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K20 and K60 vs flash erase and most likely cache

Question asked by Adam Rudziński on Jul 22, 2019
Latest reply on Jul 29, 2019 by Adam Rudziński

Dear NXP,

I'm developing a firmware which is supposed to store some data in internal flash. The target hardware used by the customer is based on MK20DN512ZVMD10, while for development I have your tower system with MK60DN512VMD10. We both have a recent MCUXpresso and SDK for K20.
I expected that these two microcontrollers would be compatible, but there are some differences in their operation regarding flash. Could you, please, help me with that?

 

1) Erasing flash
a) On my K60 the function fsl_flash_erase works fine, but on the target K20 it causes a reset.

b) We've also tried a "custom" erase function according to the description in the manual. In pseudocode it goes like this:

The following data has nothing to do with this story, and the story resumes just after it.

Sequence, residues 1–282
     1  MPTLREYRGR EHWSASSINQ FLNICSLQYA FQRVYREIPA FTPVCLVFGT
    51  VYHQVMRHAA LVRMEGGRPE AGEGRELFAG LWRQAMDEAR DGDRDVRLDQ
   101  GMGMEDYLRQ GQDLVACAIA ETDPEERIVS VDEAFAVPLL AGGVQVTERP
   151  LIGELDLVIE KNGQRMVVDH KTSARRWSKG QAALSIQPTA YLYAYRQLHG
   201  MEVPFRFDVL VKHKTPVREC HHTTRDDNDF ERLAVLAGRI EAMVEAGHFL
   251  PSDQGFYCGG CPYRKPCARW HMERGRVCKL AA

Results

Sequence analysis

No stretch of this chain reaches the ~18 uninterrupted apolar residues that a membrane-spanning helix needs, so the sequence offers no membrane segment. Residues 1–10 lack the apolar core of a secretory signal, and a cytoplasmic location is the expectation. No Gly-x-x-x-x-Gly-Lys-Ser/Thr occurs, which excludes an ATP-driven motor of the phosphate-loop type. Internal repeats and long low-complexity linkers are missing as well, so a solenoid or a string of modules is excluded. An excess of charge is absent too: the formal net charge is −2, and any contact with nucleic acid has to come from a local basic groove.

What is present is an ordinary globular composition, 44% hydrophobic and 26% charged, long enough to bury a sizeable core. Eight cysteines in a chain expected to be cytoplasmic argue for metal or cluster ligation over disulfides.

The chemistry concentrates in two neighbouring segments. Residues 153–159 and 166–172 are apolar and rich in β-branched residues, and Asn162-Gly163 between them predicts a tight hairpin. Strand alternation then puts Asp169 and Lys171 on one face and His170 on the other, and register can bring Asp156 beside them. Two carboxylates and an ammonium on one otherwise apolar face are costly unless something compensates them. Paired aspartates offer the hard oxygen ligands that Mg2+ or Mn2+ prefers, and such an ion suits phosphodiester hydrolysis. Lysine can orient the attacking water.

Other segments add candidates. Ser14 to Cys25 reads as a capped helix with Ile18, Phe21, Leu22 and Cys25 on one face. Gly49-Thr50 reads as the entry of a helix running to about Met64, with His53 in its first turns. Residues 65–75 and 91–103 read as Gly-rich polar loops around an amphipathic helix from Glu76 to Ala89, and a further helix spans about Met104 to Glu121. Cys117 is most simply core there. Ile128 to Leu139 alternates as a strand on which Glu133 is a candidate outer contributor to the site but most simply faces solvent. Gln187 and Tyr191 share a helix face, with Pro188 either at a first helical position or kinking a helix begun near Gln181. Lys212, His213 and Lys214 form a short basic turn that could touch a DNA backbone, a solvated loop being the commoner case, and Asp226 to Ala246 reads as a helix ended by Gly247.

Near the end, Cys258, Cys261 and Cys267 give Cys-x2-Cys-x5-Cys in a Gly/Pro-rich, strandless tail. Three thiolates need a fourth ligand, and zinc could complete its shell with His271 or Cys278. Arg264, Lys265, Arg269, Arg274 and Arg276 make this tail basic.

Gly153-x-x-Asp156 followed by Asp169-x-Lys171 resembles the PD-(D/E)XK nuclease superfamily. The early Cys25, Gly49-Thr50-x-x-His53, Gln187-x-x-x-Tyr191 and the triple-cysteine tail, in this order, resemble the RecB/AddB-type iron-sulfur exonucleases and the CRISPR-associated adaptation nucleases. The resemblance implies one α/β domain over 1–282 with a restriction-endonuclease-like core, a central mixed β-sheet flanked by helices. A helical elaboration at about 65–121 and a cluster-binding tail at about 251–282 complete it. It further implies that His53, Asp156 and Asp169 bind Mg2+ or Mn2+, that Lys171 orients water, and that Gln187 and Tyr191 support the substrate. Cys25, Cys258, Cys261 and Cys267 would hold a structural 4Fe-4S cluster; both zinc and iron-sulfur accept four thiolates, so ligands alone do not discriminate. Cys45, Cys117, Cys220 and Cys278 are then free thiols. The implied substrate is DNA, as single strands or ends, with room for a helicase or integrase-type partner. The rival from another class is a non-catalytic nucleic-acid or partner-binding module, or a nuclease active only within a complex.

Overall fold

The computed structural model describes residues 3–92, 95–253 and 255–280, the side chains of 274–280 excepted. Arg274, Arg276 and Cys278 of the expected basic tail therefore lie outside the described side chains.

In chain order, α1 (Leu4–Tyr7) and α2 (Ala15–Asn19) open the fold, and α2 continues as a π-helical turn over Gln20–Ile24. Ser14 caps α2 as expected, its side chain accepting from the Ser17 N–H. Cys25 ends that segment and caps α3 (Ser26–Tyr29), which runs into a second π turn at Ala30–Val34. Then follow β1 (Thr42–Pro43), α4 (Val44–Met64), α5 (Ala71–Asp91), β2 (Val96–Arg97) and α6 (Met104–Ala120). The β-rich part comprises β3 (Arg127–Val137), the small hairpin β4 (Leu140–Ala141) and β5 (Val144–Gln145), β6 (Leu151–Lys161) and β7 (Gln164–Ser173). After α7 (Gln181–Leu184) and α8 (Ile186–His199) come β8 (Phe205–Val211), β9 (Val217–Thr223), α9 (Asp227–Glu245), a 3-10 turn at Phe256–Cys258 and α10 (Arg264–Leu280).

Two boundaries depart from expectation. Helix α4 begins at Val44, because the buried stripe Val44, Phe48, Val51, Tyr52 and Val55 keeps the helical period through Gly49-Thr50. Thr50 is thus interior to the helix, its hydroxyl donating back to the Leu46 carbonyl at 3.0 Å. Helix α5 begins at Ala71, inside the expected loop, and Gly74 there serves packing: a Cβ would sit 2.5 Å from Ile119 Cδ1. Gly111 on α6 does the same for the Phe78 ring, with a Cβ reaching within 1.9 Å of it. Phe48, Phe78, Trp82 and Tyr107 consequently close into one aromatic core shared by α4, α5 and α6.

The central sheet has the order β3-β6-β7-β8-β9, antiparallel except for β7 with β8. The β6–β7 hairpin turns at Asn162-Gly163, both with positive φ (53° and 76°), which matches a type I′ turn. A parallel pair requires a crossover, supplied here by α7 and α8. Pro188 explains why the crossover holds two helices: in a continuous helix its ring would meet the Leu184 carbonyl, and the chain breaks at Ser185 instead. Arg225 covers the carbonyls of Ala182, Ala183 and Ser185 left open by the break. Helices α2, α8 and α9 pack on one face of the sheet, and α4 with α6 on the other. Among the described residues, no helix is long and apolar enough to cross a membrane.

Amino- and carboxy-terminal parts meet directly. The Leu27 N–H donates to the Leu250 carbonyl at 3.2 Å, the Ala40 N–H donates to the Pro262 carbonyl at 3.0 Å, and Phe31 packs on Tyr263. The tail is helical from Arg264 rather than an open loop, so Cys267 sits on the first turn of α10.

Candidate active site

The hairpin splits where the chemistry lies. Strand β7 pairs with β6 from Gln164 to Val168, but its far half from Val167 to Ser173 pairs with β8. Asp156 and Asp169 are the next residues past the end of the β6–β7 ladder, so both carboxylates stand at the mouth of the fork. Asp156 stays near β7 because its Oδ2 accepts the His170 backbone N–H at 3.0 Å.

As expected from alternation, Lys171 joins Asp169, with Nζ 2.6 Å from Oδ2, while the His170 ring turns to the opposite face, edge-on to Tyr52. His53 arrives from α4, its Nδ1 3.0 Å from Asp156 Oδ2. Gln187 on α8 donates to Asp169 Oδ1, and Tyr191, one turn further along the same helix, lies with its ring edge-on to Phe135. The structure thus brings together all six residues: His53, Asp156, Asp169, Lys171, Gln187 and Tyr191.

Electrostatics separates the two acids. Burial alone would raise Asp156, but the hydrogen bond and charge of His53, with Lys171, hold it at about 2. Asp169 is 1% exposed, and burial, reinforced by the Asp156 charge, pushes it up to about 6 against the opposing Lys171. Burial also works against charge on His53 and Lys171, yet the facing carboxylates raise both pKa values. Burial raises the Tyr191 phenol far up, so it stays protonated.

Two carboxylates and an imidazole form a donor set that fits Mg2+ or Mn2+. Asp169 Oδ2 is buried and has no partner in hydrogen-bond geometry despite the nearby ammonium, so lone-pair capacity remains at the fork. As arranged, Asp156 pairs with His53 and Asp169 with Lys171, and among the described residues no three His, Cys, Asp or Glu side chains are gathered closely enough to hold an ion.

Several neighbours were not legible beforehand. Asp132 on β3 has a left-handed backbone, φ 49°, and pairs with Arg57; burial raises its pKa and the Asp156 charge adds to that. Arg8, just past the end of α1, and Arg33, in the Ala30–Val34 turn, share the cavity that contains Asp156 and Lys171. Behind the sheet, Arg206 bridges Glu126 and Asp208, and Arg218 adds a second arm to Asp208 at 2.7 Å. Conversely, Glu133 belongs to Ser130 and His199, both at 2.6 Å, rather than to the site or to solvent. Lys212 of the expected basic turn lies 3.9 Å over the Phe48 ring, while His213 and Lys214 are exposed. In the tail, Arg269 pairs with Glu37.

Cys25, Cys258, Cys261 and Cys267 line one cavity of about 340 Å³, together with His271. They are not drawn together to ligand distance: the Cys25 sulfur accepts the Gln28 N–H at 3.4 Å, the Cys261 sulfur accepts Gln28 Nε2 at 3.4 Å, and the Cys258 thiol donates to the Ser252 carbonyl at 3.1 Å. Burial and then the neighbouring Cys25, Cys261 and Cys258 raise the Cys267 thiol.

wait for completion of previous operation (CCIF -> 0)
delay (for loop)

clear ACCERR and FPVIOL fields - just in case

load values to FCCOBx registers

set CCIF to start erase

delay (for loop)

wait for completion of the operation (CCIF -> 0)

 

Note the two delay loops. On my K60 the code runs fine without them, but they turned out to be needed for the target K20. Without them a reset occurs.
The delay loop works just like this:

volatile unsigned int i=0, tmp=0;

for (i=0 ;i<1000000 ; ++i) { tmp += 0; }

Also, note that the function at the end waits for the operation to complete.

 

2) Reading flash after write

This was not working well on both K20 and K60 until we applied some mechanism to refresh the cache.

On the K60 is seems that functions from the SDK handle that correctly.
On the target K20 that was not the case, in particular flash_cache_clear did not help. What did work for us was a number of "dummy reads":

static uint32_t read_val(void)

{

       uint32_t v = 0;

       // ugly hack to ensure correct reading of flash memory

       for (int i=0 ; i<10 ; ++i)

       {

             v = data.val;

       }

       return v;

}

Above, the structure "data" is located in the flash range of interest. It seems that reading twice is sufficient.

 

If you could shed any light on this case, please, help me understand what is happening.

 

Best regards,
Adam Rudziński

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